Living Off-Campus and Commuting:
Is It the Right Choice for You?
By Jess, age 24, Massachusetts
Sweet Designs Staff Intern
Making the choice between living off-campus and commuting or dorming can be an overwhelming decision when you are unsure of what's the right choice for you. A lot of people will tell you that you only gain the "college experience" by dorming. This might be true in a lot of instances, but you will lack in other areas over choosing to commute.
If it is feasible for you to imagine yourself living in a confined space with a stranger in order to be close to school, easier access to student facilities and necessities, and the ability to be involved with your school as much as possible, then dorming would be a good choice for you. If, however, the thought of being in a confined space with a stranger is completely out of your comfort zone then it would be wise to examine what your options are.
It is not only a matter of personal taste, but also a financial choice. If you have the means to live off-campus and are able to commit yourself to being available when needed at school, then commuting might be the right thing for you. When dorming, a lot of students find themselves without a car or other means of transportation at their will. It depends on where the school is located and what kind of public transportation is offered. This is a factor to consider when dorming and what you are willing to sacrifice for the sake of being close to school. A lot of students who can afford the time (or need the money) choose to get a job while in school. Living off-campus is the easiest way to hold a job and still go to school.
Many Things to Consider
Living off-campus would require you to have a car and/or other means of transportation to get to class. If you are considering joining a sorority it is required that you dorm at the sorority house. If participating in a club or sports team where your time might not be so flexible outside of school, it would be best to dorm where you can devote all your time to being where you are needed on the campus. Each person's situation, schedule, and concentration will be different, and it is up to you, maybe with the help of your parents or mentor, to decide what's the best decision for you.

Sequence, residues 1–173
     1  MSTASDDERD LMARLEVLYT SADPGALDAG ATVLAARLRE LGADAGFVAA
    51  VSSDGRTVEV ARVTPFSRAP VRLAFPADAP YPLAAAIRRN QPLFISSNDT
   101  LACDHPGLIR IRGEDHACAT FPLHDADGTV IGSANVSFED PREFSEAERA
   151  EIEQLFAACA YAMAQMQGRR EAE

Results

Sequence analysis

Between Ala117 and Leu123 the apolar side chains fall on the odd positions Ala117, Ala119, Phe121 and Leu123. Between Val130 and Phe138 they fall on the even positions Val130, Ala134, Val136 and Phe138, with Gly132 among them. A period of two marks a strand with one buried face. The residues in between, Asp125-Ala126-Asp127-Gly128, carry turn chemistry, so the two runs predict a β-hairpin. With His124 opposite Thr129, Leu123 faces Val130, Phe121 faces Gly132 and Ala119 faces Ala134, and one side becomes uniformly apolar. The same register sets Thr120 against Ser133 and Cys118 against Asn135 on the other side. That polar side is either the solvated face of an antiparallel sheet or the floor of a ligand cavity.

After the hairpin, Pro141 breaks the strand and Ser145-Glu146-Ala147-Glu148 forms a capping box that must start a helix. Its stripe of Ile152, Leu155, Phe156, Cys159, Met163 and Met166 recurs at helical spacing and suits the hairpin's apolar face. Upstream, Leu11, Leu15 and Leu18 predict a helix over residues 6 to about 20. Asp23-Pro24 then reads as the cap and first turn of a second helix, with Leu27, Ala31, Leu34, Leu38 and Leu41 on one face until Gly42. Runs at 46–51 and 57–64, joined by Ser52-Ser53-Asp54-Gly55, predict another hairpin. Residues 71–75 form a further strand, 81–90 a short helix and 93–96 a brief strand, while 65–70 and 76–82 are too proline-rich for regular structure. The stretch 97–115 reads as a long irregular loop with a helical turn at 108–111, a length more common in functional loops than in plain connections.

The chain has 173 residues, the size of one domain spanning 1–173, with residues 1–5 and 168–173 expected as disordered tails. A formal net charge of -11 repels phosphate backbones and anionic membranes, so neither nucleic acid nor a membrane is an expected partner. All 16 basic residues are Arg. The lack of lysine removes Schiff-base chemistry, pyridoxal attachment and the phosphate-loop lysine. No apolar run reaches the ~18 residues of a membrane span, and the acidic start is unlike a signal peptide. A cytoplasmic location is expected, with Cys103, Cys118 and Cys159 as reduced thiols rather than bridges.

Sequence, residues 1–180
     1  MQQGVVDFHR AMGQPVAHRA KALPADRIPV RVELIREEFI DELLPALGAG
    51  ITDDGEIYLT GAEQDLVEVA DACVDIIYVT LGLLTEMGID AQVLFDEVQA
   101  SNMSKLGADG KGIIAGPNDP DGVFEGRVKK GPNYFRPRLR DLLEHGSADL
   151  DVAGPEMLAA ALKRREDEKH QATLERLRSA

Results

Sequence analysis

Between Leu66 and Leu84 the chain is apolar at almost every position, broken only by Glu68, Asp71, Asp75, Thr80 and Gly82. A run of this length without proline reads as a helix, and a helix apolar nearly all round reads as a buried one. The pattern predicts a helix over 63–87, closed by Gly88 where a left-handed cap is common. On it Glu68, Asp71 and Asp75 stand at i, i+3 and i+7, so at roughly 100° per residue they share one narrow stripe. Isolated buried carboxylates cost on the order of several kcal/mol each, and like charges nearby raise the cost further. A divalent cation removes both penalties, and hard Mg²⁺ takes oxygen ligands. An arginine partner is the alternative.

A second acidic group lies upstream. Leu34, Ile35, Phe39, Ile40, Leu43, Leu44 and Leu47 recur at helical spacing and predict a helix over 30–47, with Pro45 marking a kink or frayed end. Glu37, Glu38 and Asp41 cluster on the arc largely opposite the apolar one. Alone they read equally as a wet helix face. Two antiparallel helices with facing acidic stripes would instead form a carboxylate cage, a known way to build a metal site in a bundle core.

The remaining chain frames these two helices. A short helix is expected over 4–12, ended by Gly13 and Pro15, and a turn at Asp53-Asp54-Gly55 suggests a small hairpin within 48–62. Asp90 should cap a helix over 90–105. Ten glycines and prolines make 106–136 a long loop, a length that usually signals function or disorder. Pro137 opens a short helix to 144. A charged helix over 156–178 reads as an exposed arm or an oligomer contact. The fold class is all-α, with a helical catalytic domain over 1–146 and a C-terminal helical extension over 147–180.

Make a detailed list of what you are needed for at school and how many activities you are planning on being involved in. If you are planning on living off-campus, find out if your student loans will cover student living costs. There are many options to make the right living situation for yourself. A lot of variables are involved and the most important is the school location. Being in the city makes it easy to be a student and have a means for transportation to nearby stores and restaurants, hospitals, gyms, clubs, etc. Some will be within walking distance.
The first year is a good year to dorm, where you can settle in and make friends while becoming accustomed to the school. Living off-campus will leave you detached in some areas, and it is in your hands to be there as you are needed and as much as you desire outside of the requirements. If you find you don't like dorming, you have three more years to change your situation.
Make Your Own Decision
Whatever your decision is, make sure you've thought about all the pros and cons and have done as much research as possible on what's best for you. Don't dorm because your best friend dorms, or live off-campus because your friends want to get a place though you would rather live on campus. These are your last important years before heading out, and this isn't high school anymore. Each decision you make must be about what's best for you. So stay true to yourself and try your hardest, and everything will fall into place.